Last Updated: 13-8-2020 18:24

By now, club members should all have been emailed my report for the AGM, so rather than repeat myself here, I'll provide an update on what I've been up to photographically over the last few months.

Where has the year gone? It seems like only yesterday I wrote my October 2019 report for the club website, and we’re now in August and, already into the new club financial and competition year. Of course the club takes a two month break over summer, and the club had barely settled back in to club meetings when Covid-19 came along and disrupted the world. 

Obviously lockdown has had some impact on the ability to get out and about to do photography, however even under Level-4, I would take my camera with me when I went out for my socially distanced walks. I’m lucky enough to live near the Wither Hills, and also have a big garden jungle, so I found a few opportunities for natural history photography, and revisit some landscapes with different lenses. I now have lenses covering focal lengths all the way from 10mm to 500mm on my APS-C body, so with effectively 50x zoom at my disposal, albeit with a few lens changes along the way, it’s been interesting to work out how to capture a location with each different extreme of focal length.

My wife frequently asks me why I’ve accumulated such an assortment of photographic equipment, especially if I try to carry too much of it around with me, but my explanation is that each item is intended for a specific task. In spite of having a reasonable selection of lenses at my disposal, sometimes it’s nice to go out with just a single lens.

Recently I acquired a 35mm prime lens (a lens with a fixed focal length), which is equivalent to a 50mm standard lens on a film or full-frame DSLR camera when used on my APS-C body, and it’s been fun to go out without taking any other lenses, and experiment with what I can create. This puts me under similar constraints to what many photographers had as they recorded history, often creating iconic images, so it’s an interesting exercise to try. Even if you only have zoom lenses, you can still try this, as most lenses have a focal length scale, so if you have a crop sensor (APS-C) body, set the zoom to 35mm, or if you’re one of those privileged to own a full frame body, set it to 50mm and don’t change it while you’re out and about. You’ll have to move yourself to create interesting compositions, but that will force you to think about what you’re trying to capture, rather than just zooming in or out in the hopes of getting something, and there's still room for creativity working with the exposure triangle to achieve different effects.

Another thing that’s happened with my photography during the last few months, is I’ve found myself increasingly being drawn to documentary photography. Covid-19 has brought unprecedented changes to the world, and a whole season has passed with people restricted in their movements. I have a whole series of teddy bear photos (and other toys) from a walk around the streets of Blenheim near home during lockdown. None of them are likely to be what would qualify as ‘competition’ images, however they are a record of history, and they are important for that reason.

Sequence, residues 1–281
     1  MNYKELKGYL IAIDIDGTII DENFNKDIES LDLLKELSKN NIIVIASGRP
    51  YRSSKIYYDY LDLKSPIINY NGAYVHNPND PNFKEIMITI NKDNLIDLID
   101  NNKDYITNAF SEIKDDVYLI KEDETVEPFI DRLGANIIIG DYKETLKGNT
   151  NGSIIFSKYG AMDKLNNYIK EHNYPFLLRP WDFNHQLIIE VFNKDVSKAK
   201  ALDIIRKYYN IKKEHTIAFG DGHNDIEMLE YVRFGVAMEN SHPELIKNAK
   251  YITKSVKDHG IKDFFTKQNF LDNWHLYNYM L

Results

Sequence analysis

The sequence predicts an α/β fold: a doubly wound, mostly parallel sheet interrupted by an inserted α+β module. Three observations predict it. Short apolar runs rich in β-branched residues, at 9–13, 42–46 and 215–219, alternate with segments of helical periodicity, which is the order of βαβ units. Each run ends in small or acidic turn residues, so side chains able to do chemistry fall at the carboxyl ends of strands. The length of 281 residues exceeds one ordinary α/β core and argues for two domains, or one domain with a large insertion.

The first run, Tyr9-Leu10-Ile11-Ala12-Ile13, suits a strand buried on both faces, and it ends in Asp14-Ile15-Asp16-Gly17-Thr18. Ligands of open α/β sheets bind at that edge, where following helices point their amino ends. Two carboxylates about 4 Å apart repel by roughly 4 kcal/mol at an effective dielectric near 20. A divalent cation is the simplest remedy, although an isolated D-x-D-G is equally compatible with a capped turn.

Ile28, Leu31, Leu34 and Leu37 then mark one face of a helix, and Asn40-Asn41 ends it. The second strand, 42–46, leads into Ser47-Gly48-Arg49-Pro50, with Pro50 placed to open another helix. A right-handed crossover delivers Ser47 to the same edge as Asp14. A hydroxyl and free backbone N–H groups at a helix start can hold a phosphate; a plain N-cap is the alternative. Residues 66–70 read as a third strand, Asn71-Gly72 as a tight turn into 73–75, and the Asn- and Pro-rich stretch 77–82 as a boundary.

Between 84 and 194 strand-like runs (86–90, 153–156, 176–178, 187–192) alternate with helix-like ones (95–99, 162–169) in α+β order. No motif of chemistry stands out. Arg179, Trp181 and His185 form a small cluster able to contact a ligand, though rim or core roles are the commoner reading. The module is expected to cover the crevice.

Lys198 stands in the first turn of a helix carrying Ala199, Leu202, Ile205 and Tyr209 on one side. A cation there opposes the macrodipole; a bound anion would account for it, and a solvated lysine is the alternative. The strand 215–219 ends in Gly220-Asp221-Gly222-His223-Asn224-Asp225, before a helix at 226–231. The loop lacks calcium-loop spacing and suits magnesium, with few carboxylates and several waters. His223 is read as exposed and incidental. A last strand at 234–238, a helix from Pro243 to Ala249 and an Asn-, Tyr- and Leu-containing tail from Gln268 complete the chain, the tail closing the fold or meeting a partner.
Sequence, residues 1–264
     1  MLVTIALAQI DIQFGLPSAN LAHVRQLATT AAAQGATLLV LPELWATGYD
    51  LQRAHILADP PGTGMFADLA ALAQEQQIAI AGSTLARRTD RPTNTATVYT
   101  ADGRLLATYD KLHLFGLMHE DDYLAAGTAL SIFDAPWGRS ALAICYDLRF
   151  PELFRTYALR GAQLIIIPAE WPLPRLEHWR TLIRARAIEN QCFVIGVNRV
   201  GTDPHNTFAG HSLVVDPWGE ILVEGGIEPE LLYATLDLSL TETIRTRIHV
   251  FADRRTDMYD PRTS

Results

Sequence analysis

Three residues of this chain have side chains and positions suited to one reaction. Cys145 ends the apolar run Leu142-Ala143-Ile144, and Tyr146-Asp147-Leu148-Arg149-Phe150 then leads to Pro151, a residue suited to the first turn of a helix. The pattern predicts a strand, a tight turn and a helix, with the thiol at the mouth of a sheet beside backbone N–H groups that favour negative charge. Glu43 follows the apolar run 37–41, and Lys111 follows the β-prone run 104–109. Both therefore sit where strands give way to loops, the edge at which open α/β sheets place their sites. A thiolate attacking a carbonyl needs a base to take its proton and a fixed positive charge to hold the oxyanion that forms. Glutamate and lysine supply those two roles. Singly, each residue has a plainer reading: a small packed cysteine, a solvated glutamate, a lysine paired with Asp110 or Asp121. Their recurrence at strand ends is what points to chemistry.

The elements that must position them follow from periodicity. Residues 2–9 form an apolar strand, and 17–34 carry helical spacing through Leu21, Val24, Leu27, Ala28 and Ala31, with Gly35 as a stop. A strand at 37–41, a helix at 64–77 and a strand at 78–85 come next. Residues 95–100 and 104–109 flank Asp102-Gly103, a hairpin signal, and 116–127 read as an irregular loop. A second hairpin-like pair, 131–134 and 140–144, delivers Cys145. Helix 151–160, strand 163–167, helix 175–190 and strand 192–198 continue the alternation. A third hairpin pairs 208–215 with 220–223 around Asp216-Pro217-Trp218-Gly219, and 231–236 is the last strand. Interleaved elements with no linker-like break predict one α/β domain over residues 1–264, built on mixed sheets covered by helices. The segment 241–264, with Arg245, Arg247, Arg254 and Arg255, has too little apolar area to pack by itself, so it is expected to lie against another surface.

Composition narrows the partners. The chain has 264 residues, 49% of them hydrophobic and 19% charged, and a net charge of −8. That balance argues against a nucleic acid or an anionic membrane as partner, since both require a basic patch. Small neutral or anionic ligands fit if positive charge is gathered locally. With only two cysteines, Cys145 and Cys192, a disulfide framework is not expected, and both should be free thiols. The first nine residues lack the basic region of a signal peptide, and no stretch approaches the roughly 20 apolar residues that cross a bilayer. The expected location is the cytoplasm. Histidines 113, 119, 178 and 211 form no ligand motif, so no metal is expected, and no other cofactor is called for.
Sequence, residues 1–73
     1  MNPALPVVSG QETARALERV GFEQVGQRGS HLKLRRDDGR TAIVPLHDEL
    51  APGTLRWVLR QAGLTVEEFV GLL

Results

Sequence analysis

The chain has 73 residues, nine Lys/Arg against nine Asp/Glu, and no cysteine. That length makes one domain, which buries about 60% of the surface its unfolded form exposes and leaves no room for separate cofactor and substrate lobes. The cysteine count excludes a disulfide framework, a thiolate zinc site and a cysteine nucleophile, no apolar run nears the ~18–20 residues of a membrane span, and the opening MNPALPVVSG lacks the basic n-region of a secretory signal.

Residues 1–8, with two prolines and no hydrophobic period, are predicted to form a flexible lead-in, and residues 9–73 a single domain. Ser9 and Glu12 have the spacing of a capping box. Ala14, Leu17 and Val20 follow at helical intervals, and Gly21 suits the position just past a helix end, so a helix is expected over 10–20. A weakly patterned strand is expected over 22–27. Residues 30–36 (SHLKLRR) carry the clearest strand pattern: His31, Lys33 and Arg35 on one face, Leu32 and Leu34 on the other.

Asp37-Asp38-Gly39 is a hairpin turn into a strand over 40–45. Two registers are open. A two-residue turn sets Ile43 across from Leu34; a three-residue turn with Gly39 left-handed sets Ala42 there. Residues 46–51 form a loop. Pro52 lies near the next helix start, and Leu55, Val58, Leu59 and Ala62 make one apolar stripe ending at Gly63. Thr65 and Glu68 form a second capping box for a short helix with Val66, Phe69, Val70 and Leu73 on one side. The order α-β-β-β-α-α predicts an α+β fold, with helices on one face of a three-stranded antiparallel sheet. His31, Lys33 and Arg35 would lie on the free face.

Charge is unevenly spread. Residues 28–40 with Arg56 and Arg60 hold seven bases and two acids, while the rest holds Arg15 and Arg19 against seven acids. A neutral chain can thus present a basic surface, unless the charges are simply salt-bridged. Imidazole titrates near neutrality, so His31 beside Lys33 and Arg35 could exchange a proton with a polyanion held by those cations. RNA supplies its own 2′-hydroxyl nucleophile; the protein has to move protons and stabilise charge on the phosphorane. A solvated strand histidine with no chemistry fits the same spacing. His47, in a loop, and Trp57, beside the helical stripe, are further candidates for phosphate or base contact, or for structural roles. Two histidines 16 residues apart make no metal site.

Just after the Level 4 lockdown ended, I received a new phone, and although it only has a fairly modest camera, it does have raw support, and in good light produces acceptable images even as jpgs. My main reason for acquiring the phone was to have more reliable GPS than my old one, as I’ll often take phone snapshots in a location I’m photographing with my DSLR so that I can geotag the images from the DSLR later in Lightroom by matching with the map location shown from the phone photo. It turns out the phone is often perfectly adequate for documentary images to simply record a place, event or organism, if you’re not going to get into a lot of Photoshop editing or produce large prints. At the end of June, a casual photo taken on my phone of a fern on the Wither Hills turned into a minor biosecurity scare as one of NZ’s top fern experts identified it as a highly invasive species that has become a major issue in Canterbury, and wanted to be sure it didn’t become established here. I was copied in on some emails between MDC and Landcare Research scientists, who confirmed the identification, although fortunately only one specimen was found on the Wither Hills. That’s certainly the kind of consequences you expect every day from natural history photography, on a phone at that, but it just shows there’s more to photography than competitions and photographic art.

Everyone has their own reasons for taking photos, and there’s no right or wrong reason. Judges often criticise competition images as being ‘nothing more than a record shot’, however in some cases, a simple record of a moment in time might be exactly what you’re intending to create, and it’s an absolutely legitimate reason to take a photo, even if it will never win any photo competitions. Of course different photographic interests and skill levels among members also makes keeping the club interesting and relevant for everyone an ongoing challenge, so I encourage members to speak up if you’ve got ideas for club activities.

Chris Cookson